INSIDE ADVICE: 2008 prognosticators show existing home sales going up

Real Estate Agent with RE-Source Realty Brokers, In.c

One of my favorite motivational speakers, John Adams, Atlanta Real Estate Investor/Broker/Guru is very encouraged by the prospects for a better market

John had this to say:

The Federal Reserve cut the federal funds rate by a quarter-percentage point recently to the lowest level in nearly two years. The move is designed to stimulate the economy and prevent a credit crunch from hurting consumer and business lending. Real estate sales should benefit from this.

Banks typically base their prime interest rate on this federal funds rate plus 3 percent, bringing the prime down to 7.25 percent. Lowering the prime rate tends to lower overall borrowing costs and encourage consumer and business spending.

Lowering the prime helps everyone making payments on loans that have an interest rate tied to prime, including many ARMs tied to the one year T-bill, most home equity loans, many business loans, and even some credit cards. In addition, by leaving more money in consumers' wallets, the central bank hopes to encourage local banks to lend more money.

So how will Georgia real estate owners fare in 2008? There are favorable factors on the horizon for this new year:

> The cost of borrowing is still remarkably low, with 30-year fixed-rate loans for owner-occupants hovering around 6 percent, making this a great time to lock in a long-term loan. Interest rates tend to move up and down in cycles, and this home loan rate is very near the historical lows of 2003. And let's face it -- the cost of borrowing is one of the prime drivers of real estate sales.

> Georgia has largely dodged the real estate meltdown that has hit Michigan, California, Florida and New Mexico. In fact, the economy here is strong and growing. We are adding jobs daily. And that's another driver in real estate sales.

Our part of the United States has experienced much more stable growth and less of the speculative frenzy that drove up home prices wildly in some parts of the country. Remember that all real estate is local, and what's happening in New Mexico is not relevant to what's happening in your neighborhood. Many of those negative reports miss this point completely.

> Home prices in Georgia have not slipped, and, in fact, are still rising, though modestly. The average home in Georgia is worth more today than it was a year ago. As hard as it is to believe, your real estate is still a good investment and is likely to be worth more in the future.

> People still need a place to live, and they almost always prefer to live indoors.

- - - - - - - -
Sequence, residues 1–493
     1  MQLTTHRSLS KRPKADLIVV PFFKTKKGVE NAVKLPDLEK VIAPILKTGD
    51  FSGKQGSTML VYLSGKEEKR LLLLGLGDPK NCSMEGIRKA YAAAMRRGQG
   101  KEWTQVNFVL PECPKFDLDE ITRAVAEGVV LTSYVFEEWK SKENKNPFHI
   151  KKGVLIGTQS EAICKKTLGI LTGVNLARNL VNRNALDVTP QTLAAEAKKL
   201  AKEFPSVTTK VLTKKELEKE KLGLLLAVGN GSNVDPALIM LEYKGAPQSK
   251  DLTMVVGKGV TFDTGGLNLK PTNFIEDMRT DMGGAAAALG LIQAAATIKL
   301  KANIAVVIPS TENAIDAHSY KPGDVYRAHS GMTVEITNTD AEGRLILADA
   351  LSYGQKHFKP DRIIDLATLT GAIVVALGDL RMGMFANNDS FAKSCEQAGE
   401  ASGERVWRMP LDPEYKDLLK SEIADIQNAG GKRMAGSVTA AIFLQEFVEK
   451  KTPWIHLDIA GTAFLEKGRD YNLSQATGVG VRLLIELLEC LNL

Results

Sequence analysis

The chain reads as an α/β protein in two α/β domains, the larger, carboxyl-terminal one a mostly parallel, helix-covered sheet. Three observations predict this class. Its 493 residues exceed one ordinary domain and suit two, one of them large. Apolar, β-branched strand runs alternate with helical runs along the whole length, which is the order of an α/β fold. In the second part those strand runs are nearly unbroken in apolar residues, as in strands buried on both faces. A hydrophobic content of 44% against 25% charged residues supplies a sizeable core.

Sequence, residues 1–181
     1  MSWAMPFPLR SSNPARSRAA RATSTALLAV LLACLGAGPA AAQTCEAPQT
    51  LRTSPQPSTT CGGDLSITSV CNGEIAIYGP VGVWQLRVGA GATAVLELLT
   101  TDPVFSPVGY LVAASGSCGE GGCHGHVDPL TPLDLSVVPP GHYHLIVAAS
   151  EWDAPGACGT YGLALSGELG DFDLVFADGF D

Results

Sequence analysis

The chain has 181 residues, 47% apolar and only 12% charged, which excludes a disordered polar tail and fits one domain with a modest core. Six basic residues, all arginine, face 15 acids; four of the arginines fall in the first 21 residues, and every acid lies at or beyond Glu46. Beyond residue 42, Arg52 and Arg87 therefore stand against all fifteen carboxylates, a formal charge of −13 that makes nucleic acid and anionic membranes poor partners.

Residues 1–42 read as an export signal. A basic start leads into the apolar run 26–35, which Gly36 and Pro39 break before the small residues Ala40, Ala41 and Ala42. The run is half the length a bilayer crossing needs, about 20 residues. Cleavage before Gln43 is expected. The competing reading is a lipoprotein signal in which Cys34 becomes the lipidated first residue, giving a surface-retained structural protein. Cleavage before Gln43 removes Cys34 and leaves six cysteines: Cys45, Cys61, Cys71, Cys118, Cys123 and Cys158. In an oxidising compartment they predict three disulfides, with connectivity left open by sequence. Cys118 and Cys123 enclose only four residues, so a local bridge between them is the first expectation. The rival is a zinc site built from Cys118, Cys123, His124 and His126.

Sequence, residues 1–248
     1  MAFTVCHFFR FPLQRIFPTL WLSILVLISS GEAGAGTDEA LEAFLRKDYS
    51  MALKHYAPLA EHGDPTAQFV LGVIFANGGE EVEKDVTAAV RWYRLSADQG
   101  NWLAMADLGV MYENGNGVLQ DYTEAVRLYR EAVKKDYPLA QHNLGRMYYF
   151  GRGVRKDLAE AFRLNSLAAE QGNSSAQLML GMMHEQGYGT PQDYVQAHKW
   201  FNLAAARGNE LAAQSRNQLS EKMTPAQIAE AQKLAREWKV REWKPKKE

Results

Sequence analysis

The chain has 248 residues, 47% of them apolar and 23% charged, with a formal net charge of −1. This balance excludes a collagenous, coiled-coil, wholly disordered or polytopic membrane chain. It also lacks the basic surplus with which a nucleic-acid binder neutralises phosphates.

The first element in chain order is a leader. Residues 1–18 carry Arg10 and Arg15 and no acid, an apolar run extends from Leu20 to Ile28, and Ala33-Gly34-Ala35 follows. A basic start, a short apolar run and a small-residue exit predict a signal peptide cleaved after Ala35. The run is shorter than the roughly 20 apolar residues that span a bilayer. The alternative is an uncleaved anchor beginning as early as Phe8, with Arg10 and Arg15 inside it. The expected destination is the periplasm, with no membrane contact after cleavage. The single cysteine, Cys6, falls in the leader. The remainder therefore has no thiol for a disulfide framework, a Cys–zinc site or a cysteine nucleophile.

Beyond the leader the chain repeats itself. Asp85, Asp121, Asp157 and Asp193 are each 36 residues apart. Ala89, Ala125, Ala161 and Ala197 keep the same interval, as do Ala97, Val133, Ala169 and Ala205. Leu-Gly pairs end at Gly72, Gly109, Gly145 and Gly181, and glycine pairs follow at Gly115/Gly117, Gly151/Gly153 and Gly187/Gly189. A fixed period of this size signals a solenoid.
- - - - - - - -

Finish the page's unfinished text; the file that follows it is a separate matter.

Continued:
With an additional 2 million to 3 million new residents projected to arrive in the Atlanta area over the next 20 years, we will need a lot more housing units than are currently available. And that new housing will cost more, not less. I am not suggesting a housing boom during 2008, but I am saying that demand is going to increase, and we will need new housing to meet that demand.

> This current market won't last. The southeastern United States (even Florida) continues to attract new jobs and new residents. People are moving here to fill jobs, and other people are moving here for a sunny retirement.

In a recent study, the Realtors' chief economist Lawrence Yun stated that he believes the worst part of the credit crunch has worked its way through the economy, and projected existing home sales in the United States to trend up in 2008.

He projects existing home sales to reach a total of 5.67 million for 2007, making last year the fifth highest on record. He looks for a total of 5.70 million homes sold in 2008, compared with the 6.48 million units sold in 2006. His prediction for new-home sales is slightly gloomier, stating that a recovery for this part of the market is unlikely before 2009. The new-home market traditionally makes up around 16 percent of all home sales annually.

These things tend to go in cycles, and when the current new-home inventory finally dries up, and the glut of foreclosures gets absorbed, demand will force prices higher in the years ahead. How high remains to be seen.

I am willing to go on record as predicting that 2008 will be seen as the year of the real estate turnaround in the Atlanta metro area. Home demand will be strongest in the detached single-family "under $300,000" range, and sales will begin to pick up in spring, then improve through the remainder of the year. 



Comments (1)

Brian Smith
Sun West Mortgage Company, Inc. - Atlanta, GA

Hi Bill, I agree with you and John. I was at a Mortgage Bankers luncheon last week and the guest speaker (who provides home pricing and sales data to Congress, banks and builders) said that DeKalb, Gwinnett, Fulton, Cobb, Cherokee and Forsyth will see the light at the end of the tunnel in the next 3-4 months. I know that our housing market won't stay down forever, but it's good to hear a Congressional testimony expert feels the same way! - Brian

Apr 05, 2010 09:03 AM